Meet C.J. Wurster, district director at Maricopa County Community College District. Wurster’s Techniques interview appears as part of a digital-exclusive spotlight series on fellows in the Postsecondary Leadership Success Program at ACTE – Sponsored by ECMC Foundation.
What leadership skills do you hope to develop as part of the Postsecondary Leadership Success Program at ACTE – Sponsored by ECMC Foundation?
One of the things I most appreciate about this program’s design is how it really allows participants to seek out opportunities for growth in areas they feel are most valuable to their career trajectory. After completing an initial inventory on my current skills and interests, I identified tools that would support me in becoming a more effective leader. This led to my focus on building leadership skills in three areas:
- Developing and articulating a shared vision
- Developing an increased understanding of access and equity issues in CTE, and identifying strategies for addressing gaps that exist
- Understanding strategies to support data-informed decision-making
Through personal research, regular check-ins with my mentor, and monthly connections with other fellows, I have learned to approach the development of these skills in a thoughtful and meaningful way.
In what ways have you innovated to engage students & inspire colleagues in CTE through the COVID-19 pandemic?
Particularly helpful during the pandemic’s early days was my college’s commitment to effective communication. My team and I connected every morning to discuss updates and how to address any challenges we faced. This was critical to establishing the idea that we all faced this new uncertainty together. We also incorporated weekly virtual meetings with all of our CTE instructors — across multiple campuses — to discuss and share as we shifted to online and then eventually back to hybrid and in-person classes. These weekly meetings sometimes featured open discussions, or instructors facilitated conversations about best practices. to share.
The college’s beauty and wellness programs (cosmetology, aesthetics and massage therapy) were among the first to return to in-person instruction. To maintain social distancing, we adopted an innovative hybrid approach where half of each cohort began the day in person while the other half participated in a live online environment. Midway through the day, they would switch to the other learning modality. This allowed students to learn their hands-on skills, while also maintaining the safest environment possible.
The work that our CTE faculty and instructors have done with students in the face of a pandemic has been truly amazing and inspiring. Students have also shown tremendous resilience and grit as they remain committed to their educational pursuits.
The past 19 months have changed the community college student experience for years to come. And this brings up some important questions: What new expectations do students have of their college-going experience? And how do we ensure equitable access to CTE programs that may be delivered online, hybrid and/or in person?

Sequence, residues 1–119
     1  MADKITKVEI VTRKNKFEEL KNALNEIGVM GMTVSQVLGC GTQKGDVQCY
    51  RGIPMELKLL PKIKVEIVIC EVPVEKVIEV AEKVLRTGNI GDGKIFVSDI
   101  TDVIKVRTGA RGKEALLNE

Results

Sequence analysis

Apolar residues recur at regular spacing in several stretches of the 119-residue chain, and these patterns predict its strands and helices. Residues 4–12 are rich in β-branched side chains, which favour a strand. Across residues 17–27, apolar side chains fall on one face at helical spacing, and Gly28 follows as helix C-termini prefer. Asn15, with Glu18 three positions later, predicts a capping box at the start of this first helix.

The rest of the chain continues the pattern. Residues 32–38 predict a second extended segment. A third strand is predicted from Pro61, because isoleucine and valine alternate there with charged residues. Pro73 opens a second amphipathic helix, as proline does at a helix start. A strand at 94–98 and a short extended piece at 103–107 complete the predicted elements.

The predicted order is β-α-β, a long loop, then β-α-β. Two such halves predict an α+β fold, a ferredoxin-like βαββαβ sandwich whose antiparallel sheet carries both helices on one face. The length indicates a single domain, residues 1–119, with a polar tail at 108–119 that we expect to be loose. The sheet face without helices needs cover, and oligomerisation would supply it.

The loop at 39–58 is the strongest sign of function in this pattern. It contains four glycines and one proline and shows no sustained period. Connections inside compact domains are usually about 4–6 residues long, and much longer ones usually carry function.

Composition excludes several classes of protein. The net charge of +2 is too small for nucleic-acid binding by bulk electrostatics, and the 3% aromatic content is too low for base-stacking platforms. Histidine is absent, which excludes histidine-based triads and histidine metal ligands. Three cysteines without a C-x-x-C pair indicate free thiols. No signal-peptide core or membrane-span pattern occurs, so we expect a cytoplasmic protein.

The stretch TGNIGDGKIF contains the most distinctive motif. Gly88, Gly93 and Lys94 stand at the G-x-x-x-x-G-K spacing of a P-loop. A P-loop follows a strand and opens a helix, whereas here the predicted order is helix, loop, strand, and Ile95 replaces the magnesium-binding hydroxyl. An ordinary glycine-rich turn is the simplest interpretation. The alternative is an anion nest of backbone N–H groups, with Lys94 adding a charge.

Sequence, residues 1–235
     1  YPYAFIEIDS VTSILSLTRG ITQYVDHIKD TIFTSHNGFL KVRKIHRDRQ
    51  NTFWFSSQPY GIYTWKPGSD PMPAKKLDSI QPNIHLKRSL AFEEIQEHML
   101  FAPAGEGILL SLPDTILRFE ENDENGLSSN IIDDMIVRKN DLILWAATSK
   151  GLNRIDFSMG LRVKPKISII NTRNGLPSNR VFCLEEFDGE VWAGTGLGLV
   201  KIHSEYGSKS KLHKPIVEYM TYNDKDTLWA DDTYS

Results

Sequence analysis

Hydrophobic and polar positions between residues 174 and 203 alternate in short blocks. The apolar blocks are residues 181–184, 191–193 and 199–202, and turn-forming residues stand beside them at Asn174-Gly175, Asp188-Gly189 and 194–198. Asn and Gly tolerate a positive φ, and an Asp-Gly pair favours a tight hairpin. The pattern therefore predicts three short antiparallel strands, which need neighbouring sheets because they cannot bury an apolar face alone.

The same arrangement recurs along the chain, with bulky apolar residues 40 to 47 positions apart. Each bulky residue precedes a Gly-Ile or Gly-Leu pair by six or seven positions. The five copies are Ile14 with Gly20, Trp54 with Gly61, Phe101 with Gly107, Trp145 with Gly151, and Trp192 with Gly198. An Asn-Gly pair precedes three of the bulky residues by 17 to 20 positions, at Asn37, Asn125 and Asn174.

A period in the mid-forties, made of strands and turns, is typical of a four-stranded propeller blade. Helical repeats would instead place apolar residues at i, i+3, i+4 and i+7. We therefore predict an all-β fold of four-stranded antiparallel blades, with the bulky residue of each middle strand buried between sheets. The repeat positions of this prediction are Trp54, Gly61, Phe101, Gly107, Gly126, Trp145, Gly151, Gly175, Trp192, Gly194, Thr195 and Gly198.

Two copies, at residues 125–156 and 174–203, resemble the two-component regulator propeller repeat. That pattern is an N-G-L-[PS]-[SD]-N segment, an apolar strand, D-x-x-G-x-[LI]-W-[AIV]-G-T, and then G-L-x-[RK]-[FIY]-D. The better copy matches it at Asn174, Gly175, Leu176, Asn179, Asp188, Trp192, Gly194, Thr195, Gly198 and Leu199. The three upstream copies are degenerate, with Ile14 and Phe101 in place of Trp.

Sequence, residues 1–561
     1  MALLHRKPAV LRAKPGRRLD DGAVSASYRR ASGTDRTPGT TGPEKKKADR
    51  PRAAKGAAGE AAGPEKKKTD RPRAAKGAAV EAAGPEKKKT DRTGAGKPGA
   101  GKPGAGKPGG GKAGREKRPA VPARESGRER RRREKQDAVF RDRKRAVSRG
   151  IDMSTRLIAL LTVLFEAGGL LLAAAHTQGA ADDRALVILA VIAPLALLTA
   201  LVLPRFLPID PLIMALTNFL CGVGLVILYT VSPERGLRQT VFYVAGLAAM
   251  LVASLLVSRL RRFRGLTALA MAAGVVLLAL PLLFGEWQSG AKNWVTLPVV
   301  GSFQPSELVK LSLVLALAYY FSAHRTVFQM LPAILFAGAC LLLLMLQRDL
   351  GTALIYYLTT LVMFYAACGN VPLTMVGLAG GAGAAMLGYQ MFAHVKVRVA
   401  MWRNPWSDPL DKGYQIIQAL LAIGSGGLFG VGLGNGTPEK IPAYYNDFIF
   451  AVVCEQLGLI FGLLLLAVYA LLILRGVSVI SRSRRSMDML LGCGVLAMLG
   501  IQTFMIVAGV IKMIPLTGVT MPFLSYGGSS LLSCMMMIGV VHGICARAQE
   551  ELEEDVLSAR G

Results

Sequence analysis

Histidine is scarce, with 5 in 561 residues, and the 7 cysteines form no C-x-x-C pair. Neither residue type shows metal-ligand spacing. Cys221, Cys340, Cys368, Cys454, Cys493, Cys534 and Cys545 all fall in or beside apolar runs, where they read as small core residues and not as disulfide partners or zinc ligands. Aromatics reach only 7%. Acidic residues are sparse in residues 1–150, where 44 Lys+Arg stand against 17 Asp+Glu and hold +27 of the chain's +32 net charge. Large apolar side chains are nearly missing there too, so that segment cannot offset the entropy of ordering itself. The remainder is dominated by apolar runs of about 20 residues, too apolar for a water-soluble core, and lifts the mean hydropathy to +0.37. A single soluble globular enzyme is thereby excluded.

Our education systems face many challenges in 2021. Please discuss the steps CTE can take to improve equitable access to high-quality CTE programs of study.
In many ways, CTE programs are incredibly well positioned to support the nation’s economic recovery. CTE programs can offer a short completion time and lead to immediate workforce entry. Further, enrollment in CTE can support upward mobility for individuals who may be unemployed or underemployed due to the pandemic. Career and technical education programs, delivered through flexible models, also may accommodate other demands on our students’ time, such as daycare needs or work schedules.
Educators have an opportunity to identify strategies that address basic student needs, such as food or housing insecurity, by connecting CTE students to college and community resources. These are not easy challenges to solve. But, as the value of CTE increases, we must also increase our focus on creating the optimal student experience to support equitable access.
Learn more about the Postsecondary Leadership Success Program at ACTE – Sponsored by ECMC Foundation.
Please also meet:
- Tiffanie Rosier, STEM education coordinator at Northern Virginia Community College
- Tachaka Hollins, assistant vice chancellor for academic affairs at the Tennessee Board of Regents
- Tracey D. Cooper, executive director of nursing at Temple College
- Bernie Phelps, director of Perkins, Perkins Rural Reserve and dual enrollment at Montana Technological University, Highlands College
- Vickie Thomas, director of the Center for Workforce and Community Development at Eastern New Mexico University – Roswell
- Moira Lafayette, dean of health sciences and public safety at Blackhawk Technical College
- Brad Kinsinger, director of the Global Agriculture Learning Center at Hawkeye Community College
- Eric Sewell, director of technical education at Southern Union State Community College
- Katie Vincent, director of workforce partnerships at Owensboro Community and Technical College
- Xue Xing, assistant professor of teaching and learning at University of Nevada, Las Vegas
- Aleksander Marthinussen, program manager with NOVA SySTEMic at Northern Virginia Community College
- Martha Payan-Hernandez, director of CTE at Fullerton College
- Dan Adams, former CTE administrator and current stay-at-home dad
- Ashlee Spannagel, dean of CTE and workforce development at Southeastern Community College
- Darlene O’Rourke, Perkins grant director and officer at Queensborough Community College
- Shelsi Barber-Carter, CTE coordinator at Baton Rouge Community College